Parma, Ohio, Oct 4, 2019 / 04:18 pm (CNA).- The Ruthenian Bishop of Parma last week erected Christ the Bridegroom Monastery as a female monastery sui iuris of eparchial right.
The decision was made “in light of the present circumstances and the spiritual needs of the nuns of Christ the Bridegroom, and for the good of the people of the Byzantine Catholic Eparchy of Parma for the Ruthenians.”
Bishop Milan Lach’s decree was given Sept. 27. As a sui iuris monastery of eparchial right, the community does not depend on another monastery, it is governed by its own typicon (rule of life), and it was erected by its bishop.
Sister Natalia, a rasophore (novice) of the community, explained to CNA that “our canonical establishment is a promise that our eparchy is here for us and desires our presence. It’s a promise, too, that we are here for our eparchy, as we are for the world – dedicating our lives in prayer, fasting, and hospitality.”
She said that “what we hope to give to our eparchy, and to the world” is “a witness of the joy and love that come from radically loving Christ as our Spouse.”
With the canonical establishment, the monastery feels “a greater responsibility to live the life laid out in our typikon,” Sister Natalia reflected. “There is also a tangible change in the atmosphere of our community – an abundance of joy and peace, fruits of the Holy Spirit.”
Christ the Bridegroom Monastery, located in Burton, Ohio, fewer than 40 miles east of Parma, was first established in 2009; Bishop Lach’s decree completes the canonical process of its founding.
The bishop wrote that through the community of Christ the Bridegroom, the eparchy “has experienced in a fruitful way the gifts of the Holy Spirit. In religious consecration, the nuns of Christ the Bridegroom express and model in a new manner the gift of monastic life.”
“In silence, prayer, and hospitality, the nuns of Christ the Bridegroom are called to rediscover the spousal language from the falsifications of our culture, displaying faithfully not only that monastic consecration refers to mankind’s union with God in Heaven, but also that longings of human hearts for the beloved are meant to be fulfilled in the intimate union with Christ and participation in the life of the Holy Trinity.”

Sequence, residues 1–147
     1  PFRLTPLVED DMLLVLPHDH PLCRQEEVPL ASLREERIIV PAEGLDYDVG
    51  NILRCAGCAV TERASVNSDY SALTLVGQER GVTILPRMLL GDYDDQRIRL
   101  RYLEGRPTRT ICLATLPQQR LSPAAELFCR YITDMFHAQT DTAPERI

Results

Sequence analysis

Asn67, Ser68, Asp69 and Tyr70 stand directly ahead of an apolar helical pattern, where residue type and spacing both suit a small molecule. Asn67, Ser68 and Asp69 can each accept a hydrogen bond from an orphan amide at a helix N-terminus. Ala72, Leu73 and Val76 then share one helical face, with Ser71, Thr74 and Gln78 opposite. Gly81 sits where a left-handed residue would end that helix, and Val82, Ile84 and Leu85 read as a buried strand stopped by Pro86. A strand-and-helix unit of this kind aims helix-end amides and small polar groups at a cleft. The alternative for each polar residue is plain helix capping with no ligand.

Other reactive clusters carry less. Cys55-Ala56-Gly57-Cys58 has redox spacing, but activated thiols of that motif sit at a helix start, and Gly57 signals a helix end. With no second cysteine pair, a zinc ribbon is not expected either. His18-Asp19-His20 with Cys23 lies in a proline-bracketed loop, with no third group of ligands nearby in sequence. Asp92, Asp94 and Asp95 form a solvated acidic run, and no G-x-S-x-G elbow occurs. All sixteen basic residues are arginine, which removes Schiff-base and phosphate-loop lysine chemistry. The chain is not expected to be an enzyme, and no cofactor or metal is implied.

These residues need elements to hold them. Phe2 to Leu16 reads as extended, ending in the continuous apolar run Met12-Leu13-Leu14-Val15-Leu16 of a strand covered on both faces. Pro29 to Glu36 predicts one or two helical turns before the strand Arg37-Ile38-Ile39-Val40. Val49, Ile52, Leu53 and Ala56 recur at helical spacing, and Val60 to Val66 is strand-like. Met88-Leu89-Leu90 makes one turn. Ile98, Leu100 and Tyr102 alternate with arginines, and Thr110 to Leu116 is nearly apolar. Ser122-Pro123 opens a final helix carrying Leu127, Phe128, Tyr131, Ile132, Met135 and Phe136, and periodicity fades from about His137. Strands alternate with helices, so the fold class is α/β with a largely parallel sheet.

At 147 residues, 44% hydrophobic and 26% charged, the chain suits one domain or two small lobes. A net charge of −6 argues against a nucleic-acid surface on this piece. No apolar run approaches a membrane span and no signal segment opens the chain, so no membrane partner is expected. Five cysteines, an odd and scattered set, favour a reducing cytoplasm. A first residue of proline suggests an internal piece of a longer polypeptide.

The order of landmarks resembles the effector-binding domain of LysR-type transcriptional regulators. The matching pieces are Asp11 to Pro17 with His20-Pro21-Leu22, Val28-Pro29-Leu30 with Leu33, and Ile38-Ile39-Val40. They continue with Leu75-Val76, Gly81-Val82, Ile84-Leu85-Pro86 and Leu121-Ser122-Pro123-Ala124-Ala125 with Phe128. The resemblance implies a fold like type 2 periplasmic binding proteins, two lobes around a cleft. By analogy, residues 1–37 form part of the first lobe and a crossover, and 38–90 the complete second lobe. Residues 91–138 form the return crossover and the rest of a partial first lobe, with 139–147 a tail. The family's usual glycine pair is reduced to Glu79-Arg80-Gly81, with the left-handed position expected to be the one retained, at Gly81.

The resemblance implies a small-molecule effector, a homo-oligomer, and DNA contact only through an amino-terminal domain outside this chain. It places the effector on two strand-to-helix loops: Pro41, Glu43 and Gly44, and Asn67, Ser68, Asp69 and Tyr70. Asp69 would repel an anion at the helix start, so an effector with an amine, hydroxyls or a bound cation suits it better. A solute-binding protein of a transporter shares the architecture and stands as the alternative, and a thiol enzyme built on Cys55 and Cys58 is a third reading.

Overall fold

The monastery “seeks to hark back to the original call of God for all baptized Christians to seek the Kingdom of God above all else with the holiness of their lives,” Bishop Lach reflected.
In accord with the monastery’s formal establishement, the stavrophore (life-profesed) nuns elected Mother Theodora as the hegumena (abbess) Sept. 29, and the following day, the decree was publicly announced and Mother Theodora’s institution as hegumena was celebrated.
“We are so grateful to Bishop John Kudrick for his invitation to begin living this life ten years ago, for taking the initial canonical steps in our foundation, and for his spiritual fatherhood. We are also so grateful to our current bishop, Bishop Milan, for taking the final steps needed to reach this canonical approval as an eparchial monastery and for loving us as a father,” the monastery said Oct. 1.
The community has six members (four stavrophores and two rasophores), who observe poverty, chastity, and obedience.
Bishop Kudrick, who was Ruthenian Bishop of Parma from 2002 to 2016, outlined his vision for the monastery in January 2008. He saw it as a response to St. John Paul II’s 1995 apostolic letter Orientale Lumen, which called for a renewal of monastic life among the diaspora of the Eastern Catholic Churches.
The community first formed in April 2009, and was received into the eparchy as a community in March 2010. Mother Theodora became the community’s first stavrophore nun in November 2011, and in August 2015 the community was established as a public association of the faithful.
The monastery typically has Divine Liturgy on Sundays and one other day during the week. On weekdays, the daily schedule begins with Matins at 6:30 am and goes until Compline, which ends at 9:30 pm. At noon the community prays one of the Hours, as well as special intentions and the day’s epistle and gospel, and Vespers is celebrated in the evening. The remainder of the day has time set aside for exercise, personal prayer, silence, work, free time, recreation, studies, and meals.
The monastery includes several poustinias (small retreat houses) for guests to make short retreats.
The community will hold a benefit dinner called “The Bridegroom’s Banquet” Oct. 19 at St. Joseph Byzantine Catholic Church in Brecksville, Ohio.
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